Disney Network made 26 stops across Ohio with industry-funded group to promote oil and gas to students
More than $100 million in cuts are underway at the federal department in charge of protecting Canada’s water and oceans, despite recommendations from top bureaucrats that it needs to increase spending for both environmental and economic reasons.
According to internal federal briefing notes obtained by Postmedia News, Prime Minister Stephen Harper’s government is eliminating about 500 jobs at the Department of Fisheries and Oceans related to Coast Guard services, patrols to stop illegal fishing activities as well as scientific research to promote conservation, protect endangered species, and prevent industrial water pollution.
The cuts, part of the federal government’s efforts to eliminate its deficit, cover 26 different areas of the department which has a workforce of about 10,000 employees. The downsizing also includes the shutdown of federal libraries and millions of dollars in reductions to climate change adaptation programs. In total, the department estimates it will cut about $80 million per year from its budget by 2014-15, and over $100 million per year in the following fiscal year.
Harper’s ultra-conservative government also makes oil and gas spill clean up plans secret. It seems Harper was but a martyr for the oil and gas industry, having nearly wiped out most of Canada’s environmental regulations and policies that affect oil and gas drilling.
January’s attack, and subsequent hostage crisis, at the BP and Statoil-run In Amenas gas facility in Algeria by Islamist terrorists
brought home just how dangerous some parts of the world can be for the expat oil and gas worker. An inevitable consequence for the oil and gas industry as it moves into “frontier” areas in its search for reservoirs rich in hydrocarbon resources is the increased security risk of operating in some of the world’s most dangerous countries and regions.
But while the In Amenas incident, which caused the deaths of 39 foreign hostages and an Algerian security guard, might have brought to the fore the threat to the oil and gas sector from Islamism in North Africa, other parts of the African continent, and indeed, the world, have far more prevalent incidences of hostage taking and kidnappings.
Of course the kidnapping of energy workers can happen anywhere oil and gas work is carried out, as the case of British oil worker Malcolm Primrose’s kidnapping in June showed.
Every major oil and gas company (even Iran’s NIOC) acknowledges climate change. Here’s ExxonMobil’s climate page (use google to find others).
Rising greenhouse gas emissions pose significant risks to society and ecosystems.
Remember this during your next nice chat with a denier.
The United States has double the amount of oil and three times the amount of natural gas than previously thought stored deep under the states of North Dakota, South Dakota, and Montana, according to new data the Obama administration released Tuesday.
In announcing the new data in a conference call, Interior Secretary Sally Jewell also said the administration will release within weeks draft rules to regulate hydraulic fracturing, technology that has come under scrutiny for its environmental impact but that is essential to developing all of this energy.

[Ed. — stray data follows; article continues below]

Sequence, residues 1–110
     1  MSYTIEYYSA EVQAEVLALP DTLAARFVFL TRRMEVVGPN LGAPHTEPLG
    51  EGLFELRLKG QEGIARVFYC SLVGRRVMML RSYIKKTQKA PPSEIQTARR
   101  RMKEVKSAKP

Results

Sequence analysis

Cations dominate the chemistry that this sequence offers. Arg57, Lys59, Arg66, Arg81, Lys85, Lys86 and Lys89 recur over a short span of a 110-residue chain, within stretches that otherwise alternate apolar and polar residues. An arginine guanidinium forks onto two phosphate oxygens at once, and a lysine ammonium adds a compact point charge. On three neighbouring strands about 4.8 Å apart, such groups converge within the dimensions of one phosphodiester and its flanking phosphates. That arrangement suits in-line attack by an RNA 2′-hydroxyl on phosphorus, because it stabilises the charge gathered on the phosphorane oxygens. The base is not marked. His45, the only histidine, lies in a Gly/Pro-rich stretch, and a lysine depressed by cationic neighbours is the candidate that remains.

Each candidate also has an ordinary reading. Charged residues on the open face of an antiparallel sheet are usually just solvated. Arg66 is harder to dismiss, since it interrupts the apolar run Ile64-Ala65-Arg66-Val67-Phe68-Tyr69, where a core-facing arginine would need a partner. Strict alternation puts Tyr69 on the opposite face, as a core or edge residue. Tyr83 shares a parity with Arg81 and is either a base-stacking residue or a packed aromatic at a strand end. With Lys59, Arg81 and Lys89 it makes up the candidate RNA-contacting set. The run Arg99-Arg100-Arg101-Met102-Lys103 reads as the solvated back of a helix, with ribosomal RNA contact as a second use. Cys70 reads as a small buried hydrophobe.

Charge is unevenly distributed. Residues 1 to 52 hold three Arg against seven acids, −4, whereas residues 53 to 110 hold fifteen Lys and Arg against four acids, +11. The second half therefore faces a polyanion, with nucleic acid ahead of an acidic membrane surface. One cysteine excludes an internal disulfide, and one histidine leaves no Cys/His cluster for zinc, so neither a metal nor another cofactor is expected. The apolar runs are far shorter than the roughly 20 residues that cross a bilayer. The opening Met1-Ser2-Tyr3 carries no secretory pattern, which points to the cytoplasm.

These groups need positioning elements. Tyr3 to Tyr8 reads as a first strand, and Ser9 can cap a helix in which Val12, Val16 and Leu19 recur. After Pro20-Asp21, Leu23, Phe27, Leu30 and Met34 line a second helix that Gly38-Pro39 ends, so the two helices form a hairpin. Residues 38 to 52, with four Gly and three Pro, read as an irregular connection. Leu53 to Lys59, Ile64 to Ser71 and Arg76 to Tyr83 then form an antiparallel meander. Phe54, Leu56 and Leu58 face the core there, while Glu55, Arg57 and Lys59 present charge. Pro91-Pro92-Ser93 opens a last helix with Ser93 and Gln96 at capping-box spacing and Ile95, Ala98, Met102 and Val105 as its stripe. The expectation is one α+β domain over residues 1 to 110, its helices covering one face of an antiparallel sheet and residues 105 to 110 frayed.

“These world-class formations contain even more energy-resource potential than previously understood, which is important information as we continue to reduce our nation’s dependence on foreign sources of oil,” Jewell said in a statement.
This article is circulating among the anti-peak oil crowds. To me, the bigger story is about the left’s environmental heroine, Sally Jewell, who used to frack wells. As new head of the Dept. of Interior, she will (with Obama’s encouragement) - will - allow aggressive fracking on more public lands, possibly much more in our National Parks. To forgiving environmentalists, she’s Obama’s replacement for the DOI and former CEO of REI.
For legal peeps - an interesting regulatory takings theory in play against Gov. Cuomo! Fun stuff.
On April 12, 2013, Sally Jewell was sworn in as the 51st Secretary of the Interior.
In nominating Jewell, President Obama said, “She is an expert on the energy and climate issues that are going to shape our future. She is committed to building our nation-to-nation relationship with Indian Country. She knows the link between conservation and good jobs. She knows that there’s no contradiction between being good stewards of the land and our economic progress; that in fact, those two things need to go hand in hand.”
As Secretary of the Interior, Jewell leads an agency with more than 70,000 employees. Interior serves as steward for approximately 20 percent of the nation’s lands, including national parks, national wildlife refuges, and other public lands; oversees the responsible development of conventional and renewable energy supplies on public lands and waters; is the largest supplier and manager of water in the 17 Western states; and upholds trust responsibilities to the 566 federally recognized American Indian tribes and Alaska Natives.
Prior to her confirmation, Jewell served in the private sector, most recently as President and Chief Executive Officer of Recreation Equipment, Inc. (REI).
It seems a foreign oil company dictated to John Kerry and Mr. Obama how, when, and why they should approve the oil pipeline. For more, see here.
Seems like a case of regulatory capture:
Regulatory capture occurs when a regulatory agency, created to act in the public interest, instead advances the commercial or special concerns of interest groups that dominate the industry or sector it is charged with regulating.
Regulatory capture is a form of government failure, as it can act as an encouragement for firms to produce negative externalities. The agencies are called “captured agencies”. Via: http://en.wikipedia.org/wiki/Regulatory_capture